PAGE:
Source of Ergative Case

This week (3/12) ErgLab continued working on variation in the source of ergativity. In addition to looking at languages where ergative case looks to be dependent on thematic properties, we also discussed the excellent 2010 article The structural ergative of Basque and the theory of Case by Rezac, Albizu, and Etxepare.

1 Comment

  1. Hi!

    I have a question, I hope you can help me… I´m studying a dependant-marking ergative Chibchan language with no verbal person marking at all (only optionally marking the absolutive in plural). Some people say it is split-ergative based on some phenomena, it has also described as having four ergative allomorphs which are probably oblique case markers for the most part. The language doesn´t mark the absolutive and it doesn´t have a genetive case, even though it makes wide use of the dative, instrumental and at least one locative.

    The language has a “middle voice”, more of an anticausative, negated perfective verbs are incompatible in the active voice. These conditions inmediately trigger the middle. In some cases (including some deponent verbs) the agent in the middle is marked with the same morphem as in “dative possessive” constructions.

    I know these constructions from Hebrew and dialectal German/Middle German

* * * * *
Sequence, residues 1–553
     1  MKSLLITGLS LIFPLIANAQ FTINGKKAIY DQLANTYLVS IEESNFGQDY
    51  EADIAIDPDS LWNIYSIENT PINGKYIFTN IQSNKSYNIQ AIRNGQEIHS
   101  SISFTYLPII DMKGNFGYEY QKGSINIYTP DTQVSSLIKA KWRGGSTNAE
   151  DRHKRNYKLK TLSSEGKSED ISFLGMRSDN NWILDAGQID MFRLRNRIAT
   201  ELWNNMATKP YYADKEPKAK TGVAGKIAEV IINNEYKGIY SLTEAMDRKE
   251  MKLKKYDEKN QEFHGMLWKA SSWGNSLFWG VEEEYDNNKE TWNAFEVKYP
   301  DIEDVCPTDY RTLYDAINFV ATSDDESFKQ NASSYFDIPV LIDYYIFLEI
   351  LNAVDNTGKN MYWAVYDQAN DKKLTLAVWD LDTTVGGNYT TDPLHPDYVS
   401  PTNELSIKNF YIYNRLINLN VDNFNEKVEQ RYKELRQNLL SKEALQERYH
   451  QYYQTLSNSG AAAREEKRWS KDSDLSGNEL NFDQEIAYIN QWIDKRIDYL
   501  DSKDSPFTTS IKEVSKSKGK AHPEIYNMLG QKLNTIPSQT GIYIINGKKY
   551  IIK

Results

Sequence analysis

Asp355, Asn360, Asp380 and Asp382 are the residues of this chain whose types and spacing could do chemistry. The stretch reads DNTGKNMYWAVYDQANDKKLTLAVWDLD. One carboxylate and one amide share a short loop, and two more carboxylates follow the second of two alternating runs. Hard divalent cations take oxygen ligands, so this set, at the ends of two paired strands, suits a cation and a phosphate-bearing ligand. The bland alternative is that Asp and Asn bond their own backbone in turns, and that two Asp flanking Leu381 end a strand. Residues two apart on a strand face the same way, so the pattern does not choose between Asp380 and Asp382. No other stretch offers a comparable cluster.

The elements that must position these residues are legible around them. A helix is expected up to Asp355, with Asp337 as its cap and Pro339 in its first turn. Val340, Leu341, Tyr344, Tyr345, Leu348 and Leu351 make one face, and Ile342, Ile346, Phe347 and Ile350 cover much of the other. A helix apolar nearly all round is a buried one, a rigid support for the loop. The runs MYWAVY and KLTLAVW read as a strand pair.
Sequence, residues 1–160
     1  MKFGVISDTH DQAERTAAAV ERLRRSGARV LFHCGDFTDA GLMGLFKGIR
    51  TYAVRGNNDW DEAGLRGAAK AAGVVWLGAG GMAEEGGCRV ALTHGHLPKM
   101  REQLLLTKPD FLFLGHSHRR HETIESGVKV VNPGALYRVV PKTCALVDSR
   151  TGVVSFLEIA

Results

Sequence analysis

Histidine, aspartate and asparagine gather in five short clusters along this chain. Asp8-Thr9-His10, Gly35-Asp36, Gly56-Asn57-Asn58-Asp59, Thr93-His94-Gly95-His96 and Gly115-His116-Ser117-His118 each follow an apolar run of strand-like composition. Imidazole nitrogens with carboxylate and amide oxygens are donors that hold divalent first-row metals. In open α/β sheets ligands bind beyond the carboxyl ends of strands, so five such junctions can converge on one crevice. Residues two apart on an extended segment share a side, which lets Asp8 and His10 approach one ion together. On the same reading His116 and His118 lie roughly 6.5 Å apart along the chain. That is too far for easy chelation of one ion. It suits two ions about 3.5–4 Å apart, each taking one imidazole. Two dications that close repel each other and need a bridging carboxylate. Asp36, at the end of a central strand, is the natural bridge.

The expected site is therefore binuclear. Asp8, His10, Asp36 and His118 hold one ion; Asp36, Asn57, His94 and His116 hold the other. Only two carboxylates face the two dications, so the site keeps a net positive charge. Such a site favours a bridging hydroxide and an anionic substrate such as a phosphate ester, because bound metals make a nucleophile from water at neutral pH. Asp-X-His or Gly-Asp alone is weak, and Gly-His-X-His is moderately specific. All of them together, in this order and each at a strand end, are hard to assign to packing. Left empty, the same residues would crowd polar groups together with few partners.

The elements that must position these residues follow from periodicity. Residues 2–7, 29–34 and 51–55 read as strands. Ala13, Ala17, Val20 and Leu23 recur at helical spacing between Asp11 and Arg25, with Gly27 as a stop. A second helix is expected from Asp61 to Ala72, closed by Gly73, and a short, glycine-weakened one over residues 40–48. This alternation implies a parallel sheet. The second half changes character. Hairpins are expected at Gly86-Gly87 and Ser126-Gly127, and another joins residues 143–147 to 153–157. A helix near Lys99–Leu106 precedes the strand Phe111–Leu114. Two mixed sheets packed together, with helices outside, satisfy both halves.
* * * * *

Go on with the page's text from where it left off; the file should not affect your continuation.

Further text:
“mir sind zwei Kuhe”
    1sg.dat are two cows”

    Exactly the same as some possessive constructions in this language “X exists 1sg” in the active voice.

    My understanding is that the dative is a lexical case which, due to UTAH always originates in V. Since Anticausatives probably have no subject in Spec vP like active transitive sentences, this would explain the use of it in these sentences. In that case, would you still analize it as an Ergative?

    The problem is that the same morpheme is used in the Perfect tense and in Irrealis in active sentences, if no auxiliaries are involved.

    My other question is, am I right in saying it is expected for an Ergative language not to mark this case in the presence of modal verbs and stative auxiliaries? I guess that makes sense due to semantic reasons, but syntactically as well?

    Thank you in advance!

    A confused foreign linguistics student

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